BS"D || Rabbi Geier
Let's talk about Holiness.
The concept of kadosh is complicated. It is usually understood and translates as something Holy. It seems to be something that received that condition and has it in its being or constitution. And it is full of goodness and absolutely devoid of errors. In other words… unattainable.
We can also define it as something that we separate from the rest, from the common, to make it special to us. This is what we do in the Chupah ve Kiddushin ceremony under the Chupah, when the groom tells the bride the formula “harei at mekudeshet li…”—“be consecrated to me”. In other words, “I choose you from among all the women, I separate you from them to choose you and I make you special for me. I consecrate you to me.” This interpretation of kadosh or mekudash, in principle, removes the supposed intrinsic condition of Kedushah from the object or person we are calling.
In that sense, Parashat Kedoshim seems to confuse us. God tells us “Kedoshim you will be, because Kadosh am I”. It seems that at some point we will have that condition regardless of our behavior, simply because He is Kadosh and He passes it on to us in a kind of osmosis.
Possibly God has separated us from the rest of the peoples and has "chosen" us—and therefore we are Kedoshim. We would love this. We gloat over that misunderstood concept of Am Segulá, the Chosen People, in which God’s election already makes us special. But it seems that it doesn't work that way. And the clue is given precisely by this pasuk of this parashah.
“Kedoshim tihiu.”—“Kedoshim you will be.” There is a way to go for that kedushah. And we have the recipe, the GPS turned on and showing us the way, precisely in this very parashah: everything that the text imposes on us this week are not suggestions for a better life. They are exactly the indications of a recipe that we must follow to "cure" the evils that surround us and touch us. They are the indications that the voice of the lady (or the gentleman) of that GPS tells us and that if we do not follow them, we will show up at the other side of the one we intended to arrive.
Not taking advantage of the weak or the one who is in inferior conditions to ours is not a suggestion. Cheating our fellow man on weight or anything else, as a symbolic example of how we shouldn't scam other people, is not a viable option. They are not part of the prescriptions to become Kedoshim.
The question arises: who wants to be Kadosh??? So that??? Why would I choose KEDUSHAH for myself??? Good questions...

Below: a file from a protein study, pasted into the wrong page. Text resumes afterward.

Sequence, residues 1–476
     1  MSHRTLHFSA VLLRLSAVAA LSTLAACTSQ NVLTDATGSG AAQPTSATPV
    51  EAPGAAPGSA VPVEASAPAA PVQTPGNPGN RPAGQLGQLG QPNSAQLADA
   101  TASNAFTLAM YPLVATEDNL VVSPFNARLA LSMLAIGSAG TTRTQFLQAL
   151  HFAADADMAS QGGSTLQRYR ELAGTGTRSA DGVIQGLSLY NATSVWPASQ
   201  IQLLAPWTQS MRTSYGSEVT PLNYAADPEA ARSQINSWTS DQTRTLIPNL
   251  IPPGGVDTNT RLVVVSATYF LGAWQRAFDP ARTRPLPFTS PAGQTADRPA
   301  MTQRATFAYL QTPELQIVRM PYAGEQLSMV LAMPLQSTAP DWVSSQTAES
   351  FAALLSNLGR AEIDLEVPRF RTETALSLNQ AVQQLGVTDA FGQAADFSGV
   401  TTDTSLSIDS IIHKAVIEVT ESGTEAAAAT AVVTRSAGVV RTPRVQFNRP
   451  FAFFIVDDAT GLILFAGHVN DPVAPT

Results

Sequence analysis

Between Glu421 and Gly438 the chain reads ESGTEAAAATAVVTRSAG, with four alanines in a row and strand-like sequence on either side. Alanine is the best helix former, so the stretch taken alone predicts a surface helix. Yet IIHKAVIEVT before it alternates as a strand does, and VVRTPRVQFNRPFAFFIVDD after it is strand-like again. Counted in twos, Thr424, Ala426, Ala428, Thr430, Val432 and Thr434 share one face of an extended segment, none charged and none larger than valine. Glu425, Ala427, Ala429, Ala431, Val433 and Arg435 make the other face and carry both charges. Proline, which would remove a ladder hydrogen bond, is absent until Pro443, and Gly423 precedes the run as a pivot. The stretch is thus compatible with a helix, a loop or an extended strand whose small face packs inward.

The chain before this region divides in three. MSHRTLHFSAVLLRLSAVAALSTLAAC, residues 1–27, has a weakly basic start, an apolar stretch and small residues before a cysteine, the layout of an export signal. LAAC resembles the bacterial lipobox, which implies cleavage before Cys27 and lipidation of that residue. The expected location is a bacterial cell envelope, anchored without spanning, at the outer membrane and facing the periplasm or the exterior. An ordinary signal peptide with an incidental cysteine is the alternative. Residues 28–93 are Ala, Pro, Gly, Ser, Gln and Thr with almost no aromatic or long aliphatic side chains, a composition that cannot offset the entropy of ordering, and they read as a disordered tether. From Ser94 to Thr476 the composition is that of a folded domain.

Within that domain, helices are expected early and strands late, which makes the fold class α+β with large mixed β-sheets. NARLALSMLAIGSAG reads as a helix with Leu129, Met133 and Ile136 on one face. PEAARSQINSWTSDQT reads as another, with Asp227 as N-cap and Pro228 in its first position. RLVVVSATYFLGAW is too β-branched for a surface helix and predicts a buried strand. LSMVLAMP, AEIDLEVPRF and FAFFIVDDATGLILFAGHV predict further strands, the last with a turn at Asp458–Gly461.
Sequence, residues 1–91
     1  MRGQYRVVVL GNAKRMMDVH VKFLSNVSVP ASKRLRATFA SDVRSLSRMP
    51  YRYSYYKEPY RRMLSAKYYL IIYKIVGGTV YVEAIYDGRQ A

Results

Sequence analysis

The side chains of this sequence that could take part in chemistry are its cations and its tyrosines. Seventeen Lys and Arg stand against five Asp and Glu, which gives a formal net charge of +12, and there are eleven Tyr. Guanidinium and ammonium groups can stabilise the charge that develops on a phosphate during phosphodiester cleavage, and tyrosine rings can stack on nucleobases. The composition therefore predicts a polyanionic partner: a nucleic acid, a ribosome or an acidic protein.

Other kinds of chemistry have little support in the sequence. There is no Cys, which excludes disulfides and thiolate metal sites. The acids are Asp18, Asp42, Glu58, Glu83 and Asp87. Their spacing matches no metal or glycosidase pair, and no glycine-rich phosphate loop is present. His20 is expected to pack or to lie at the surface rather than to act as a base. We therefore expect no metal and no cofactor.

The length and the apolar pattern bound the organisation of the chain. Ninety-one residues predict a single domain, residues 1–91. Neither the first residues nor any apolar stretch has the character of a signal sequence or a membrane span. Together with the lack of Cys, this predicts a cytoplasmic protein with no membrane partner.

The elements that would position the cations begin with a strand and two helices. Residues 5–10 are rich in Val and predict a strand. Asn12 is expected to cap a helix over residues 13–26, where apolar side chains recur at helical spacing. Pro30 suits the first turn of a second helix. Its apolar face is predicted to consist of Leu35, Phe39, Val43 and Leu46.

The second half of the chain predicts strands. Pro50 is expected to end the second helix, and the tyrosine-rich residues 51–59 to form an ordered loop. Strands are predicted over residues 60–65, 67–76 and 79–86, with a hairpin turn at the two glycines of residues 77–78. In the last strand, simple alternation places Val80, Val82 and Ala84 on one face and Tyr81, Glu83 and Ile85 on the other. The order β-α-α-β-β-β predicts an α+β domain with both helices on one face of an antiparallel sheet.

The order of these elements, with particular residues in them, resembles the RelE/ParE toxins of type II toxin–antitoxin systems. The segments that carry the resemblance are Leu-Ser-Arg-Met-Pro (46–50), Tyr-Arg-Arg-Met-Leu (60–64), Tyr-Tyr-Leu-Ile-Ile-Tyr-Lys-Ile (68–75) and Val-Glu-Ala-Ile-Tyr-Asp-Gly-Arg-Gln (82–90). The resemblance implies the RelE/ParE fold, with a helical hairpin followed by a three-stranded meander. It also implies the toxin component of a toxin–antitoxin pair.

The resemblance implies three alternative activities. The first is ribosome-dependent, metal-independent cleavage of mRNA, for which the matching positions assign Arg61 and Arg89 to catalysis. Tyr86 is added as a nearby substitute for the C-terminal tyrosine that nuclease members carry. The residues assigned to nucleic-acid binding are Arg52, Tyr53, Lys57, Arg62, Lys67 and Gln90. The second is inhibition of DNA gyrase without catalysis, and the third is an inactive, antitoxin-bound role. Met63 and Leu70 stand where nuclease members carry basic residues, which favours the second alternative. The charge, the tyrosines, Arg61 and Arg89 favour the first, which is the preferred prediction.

Unfortunately, there is no brilliant and precise answer.
Being Kedoshim, or aiming to be, is part of the commitment to consider ourselves chosen. Elected and separated from a mass that does not respect these or other values to justly, and forgive the redundancy, put them in value. And if we continue to consider ourselves partners with God in the most beautiful and arduous work He gave us, “Tikkun olam be malchut Shaddai”—“the repair or improvement of the world in the kingdom of God”, then the path is dictated by Kedushah, the search to be better individuals with better relationships.
Surely the verb in the future tense of "Kedoshim tihiu"—“Kedoshim you will be”, comes to show us the difficulty of the path to travel to reach Kedushah. The only one that IS Kadosh is the Kadosh Baruch Hu. We aspire to that Kedushah. We may never get there. Probably not. But the closer we get to that Kedushah, it will be marked by how much we can comply with the simplest and most complex of the precepts. The one who seems to summarize everything in a few words: “Veahavta lereacha kamocha,” “You will love your neighbor as yourself.”
There is no intrinsic Kedushah, except in the Kadosh Baruch Hu. We cannot grant Kedushah to an object, unless it contains within itself something that has Kedushah, as in the case of the Sefer Torah. Yes, we can, according to the text of our parashah, charge our lives, our actions, our purposes with that Holiness.
It is not a utopia. It is the will to leave ourselves a little aside to make room for our neighbor, the surrounding world, to improve the future of those who will follow us in this world. It exists and it is possible to achieve it.
The pasuk ends with the signature: Ani Adonai. “Veahavta lereacha kamocha, ani Adonai.”—“Love your neighbor as yourself, I AM GOD.” The Supreme stands as a witness of what we intend to do on that path, knowing that we are going to make mistakes and He will continue by our side. Because that's what these types of partners do. He who is Kadosh.
And that should be our goal, our objective. THIS is what we should aspire to.